The Chuck E. Cheese Factor in Technology and Conferences

There has been quite a bit of chatter around that I’ve noticed in the last couple of years. As many of us in the industry find ourselves going to our 4th, 5th and more of any particular event, there seems to be a turn in the way that some view those events. The same is happening with technology in general.

There was a movie called Indian Summer which had adults returning to a camp that they had all grown up together at. There was a lot of challenge among them with the nostalgia and letting go as the camp was meant to close its doors.

One of the things I really laughed at was Kevin Pollack who kept saying “I remember it being bigger” about everything. This eventually led to him getting yelled at because he had grown up, so of course he remembered it being bigger, because he was smaller.

The Chuck E. Cheese Factor

You may have been to a Chuck E. Cheese as a kid. At the time, you would wish you could spend every waking moment in one. It is quite an experience filled with sights, sounds, games, candy, prizes, and friends. Why wouldn’t you want to be there every day of your life?


Then you grew up a bit and realized that the games were no longer as fun. The prizes weren’t as cool as you remembered. You had all of the stickers already, and you had friends that grew up with you who did other fun things other than Chuck E. Cheese days together.

So, does this mean that Chuck E. Cheese needed to close up shop because you had outgrown the experience? Of course not. You may have noticed even as an older kid that there were still dozens of younger kids still going to Chuck E. Cheese.

This happens in technology, and here is what I thought about it.

Software and Technology

You cut your teeth on some technology early in your career, or more importantly at a particular company. Does the introduction of Cisco ACI and VMware NSX mean that you don’t need workgroup switches in the market anymore? Of course not.

Does the big media attention around things like Docker and Go mean that it invalidates traditional virtualization and other programming languages? Of course not.

I started by doing s lot of support for Excel Macros on Windows desktops for small team groups. I may be working on containers and SDN now, but it doesn’t mean that Excel Macros aren’t around. If anything they are going even stronger now. It just means that I have shifted my focus, as have many in the industry, towards other software and technology.

Everything is still valid. It’s just that many are now working on different things.


There are some who find that the vExpert community has become too large. VMware and the community team have done a great job of building, growing, and supporting this community. It has grown to a large number of participants as a result.

I use this example because three years ago when I got my first VMware vExpert designation, many were complaining that it was getting watered down. There were about 250 vExperts at that point. There are upwards of 600 now. I say that we keep it going. Everyone wins.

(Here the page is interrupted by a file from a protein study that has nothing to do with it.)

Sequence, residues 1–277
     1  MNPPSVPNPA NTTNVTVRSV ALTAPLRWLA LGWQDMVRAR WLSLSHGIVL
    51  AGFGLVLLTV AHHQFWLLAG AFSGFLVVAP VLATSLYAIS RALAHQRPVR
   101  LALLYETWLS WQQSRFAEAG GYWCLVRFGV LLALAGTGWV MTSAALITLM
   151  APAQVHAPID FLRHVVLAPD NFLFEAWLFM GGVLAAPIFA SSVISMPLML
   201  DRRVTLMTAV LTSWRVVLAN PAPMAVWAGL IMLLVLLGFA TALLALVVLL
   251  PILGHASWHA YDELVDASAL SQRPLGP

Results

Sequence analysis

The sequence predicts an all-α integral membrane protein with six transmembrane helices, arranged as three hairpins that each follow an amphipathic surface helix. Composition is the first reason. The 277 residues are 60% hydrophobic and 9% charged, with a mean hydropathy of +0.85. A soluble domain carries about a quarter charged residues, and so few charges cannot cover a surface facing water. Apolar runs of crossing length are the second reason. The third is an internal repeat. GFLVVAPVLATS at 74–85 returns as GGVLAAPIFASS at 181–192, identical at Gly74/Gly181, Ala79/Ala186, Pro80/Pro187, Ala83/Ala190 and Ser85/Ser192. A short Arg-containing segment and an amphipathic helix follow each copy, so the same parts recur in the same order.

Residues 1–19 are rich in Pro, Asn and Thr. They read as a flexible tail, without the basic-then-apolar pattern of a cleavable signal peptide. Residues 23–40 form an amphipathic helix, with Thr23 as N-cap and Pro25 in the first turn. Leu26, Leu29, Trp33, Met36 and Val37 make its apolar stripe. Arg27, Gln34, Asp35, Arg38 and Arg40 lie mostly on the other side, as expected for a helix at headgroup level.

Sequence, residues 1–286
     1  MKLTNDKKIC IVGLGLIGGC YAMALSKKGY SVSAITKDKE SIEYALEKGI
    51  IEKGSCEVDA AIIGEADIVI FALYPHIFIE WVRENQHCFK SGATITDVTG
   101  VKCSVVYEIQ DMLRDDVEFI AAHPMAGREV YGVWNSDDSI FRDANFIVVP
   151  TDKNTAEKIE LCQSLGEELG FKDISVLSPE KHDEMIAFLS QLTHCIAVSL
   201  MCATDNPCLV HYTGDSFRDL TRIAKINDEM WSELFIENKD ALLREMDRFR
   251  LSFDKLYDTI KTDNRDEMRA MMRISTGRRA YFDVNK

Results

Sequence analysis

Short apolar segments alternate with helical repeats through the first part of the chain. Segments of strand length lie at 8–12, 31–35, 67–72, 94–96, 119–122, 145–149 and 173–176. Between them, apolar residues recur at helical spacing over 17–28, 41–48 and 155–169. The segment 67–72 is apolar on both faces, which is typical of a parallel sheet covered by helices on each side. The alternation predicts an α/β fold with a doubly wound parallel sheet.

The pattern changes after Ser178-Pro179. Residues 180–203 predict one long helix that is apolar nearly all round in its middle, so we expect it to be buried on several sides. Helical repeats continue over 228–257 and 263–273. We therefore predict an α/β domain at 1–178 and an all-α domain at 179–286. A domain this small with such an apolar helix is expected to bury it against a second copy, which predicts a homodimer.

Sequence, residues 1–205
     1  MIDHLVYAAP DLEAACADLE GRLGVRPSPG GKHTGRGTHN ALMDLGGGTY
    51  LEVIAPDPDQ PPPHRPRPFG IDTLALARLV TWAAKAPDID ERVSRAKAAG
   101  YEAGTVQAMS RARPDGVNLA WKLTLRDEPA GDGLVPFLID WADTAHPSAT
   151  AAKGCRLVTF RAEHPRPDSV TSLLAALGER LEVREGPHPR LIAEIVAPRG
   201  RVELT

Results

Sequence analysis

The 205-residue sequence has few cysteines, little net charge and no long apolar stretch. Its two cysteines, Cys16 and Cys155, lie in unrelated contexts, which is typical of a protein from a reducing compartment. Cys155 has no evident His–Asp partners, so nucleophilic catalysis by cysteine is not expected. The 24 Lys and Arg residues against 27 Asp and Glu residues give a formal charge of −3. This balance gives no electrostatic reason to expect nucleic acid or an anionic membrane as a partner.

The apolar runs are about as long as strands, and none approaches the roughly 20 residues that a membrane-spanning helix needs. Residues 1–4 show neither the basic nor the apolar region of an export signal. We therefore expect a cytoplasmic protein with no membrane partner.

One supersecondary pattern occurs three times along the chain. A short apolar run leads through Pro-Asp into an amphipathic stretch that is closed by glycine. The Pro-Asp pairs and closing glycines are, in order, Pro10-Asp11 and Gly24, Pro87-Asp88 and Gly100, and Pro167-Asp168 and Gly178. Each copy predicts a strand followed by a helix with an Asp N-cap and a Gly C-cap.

Does the value of being a vExpert become watered down to some individuals? Yes. As individuals, we may find that we begin working on other tools and technology, or that we move away from getting the full value out of the benefits of what comes from these communities. The software may not be as valuable anymore, but the people are and always will be.


I’ve been to 3 VMworld events and I’m heading into my fourth this August. My experience will be much different this time compared to my first, second, and third experience. My focus is entirely different now.

A couple of blog posts have been done which talk about the change in the value of tech conferences here and here.

What I truly enjoy about a conference is how we can bring focus to great communities and events even without being there. One of the greatest ways that we can do this is by nurturing the community while we can and then watch it grow.

It isn’t a bad thing when the community outgrows its leaders, because it is done by creating new leaders from within. If anything, I feel proud that I’ve been involved in many communities and they appreciate my support, but don’t require it.

They are Customer Conferences After All

Despite the fact that we grew up together as bloggers in the tech conference lifestyle, I like to make sure that we see that the real value for VMworld is not for the 500-1000 highly active bloggers and community advocates; it is truly built for the 20,000+ customers who attend. Even when we see the band selection, many tend to forget that the relevance of the band is chosen by the larger audience.


If we stuck to the same bands we saw at our first VMworld conference, wouldn’t it get tiring? I kind of like the variety really, and if we all listen to the same music we grew up with, we would sound like every classic rock station caller who requests Freebird.

All that I’m trying to highlight is that conferences attendees come in many flavors, and hopefully you find the experience within the conference community that you get the most out of. I do my best to contribute back so that more people can really enjoy them.

Long live community. We are doing great things in our own ways. Keep up the great work!

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